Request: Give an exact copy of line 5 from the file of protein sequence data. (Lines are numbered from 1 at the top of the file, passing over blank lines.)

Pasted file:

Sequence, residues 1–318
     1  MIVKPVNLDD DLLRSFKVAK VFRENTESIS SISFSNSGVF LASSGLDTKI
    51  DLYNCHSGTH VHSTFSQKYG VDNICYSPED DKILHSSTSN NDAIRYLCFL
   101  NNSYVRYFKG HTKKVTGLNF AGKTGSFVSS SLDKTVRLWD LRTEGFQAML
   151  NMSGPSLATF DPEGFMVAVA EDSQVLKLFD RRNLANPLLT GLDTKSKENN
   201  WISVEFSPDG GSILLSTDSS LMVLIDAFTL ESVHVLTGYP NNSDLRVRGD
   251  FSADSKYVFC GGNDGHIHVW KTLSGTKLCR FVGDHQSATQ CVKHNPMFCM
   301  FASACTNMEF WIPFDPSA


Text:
   151  NMSGPSLATF DPEGFMVAVA EDSQVLKLFD RRNLANPLLT GLDTKSKENN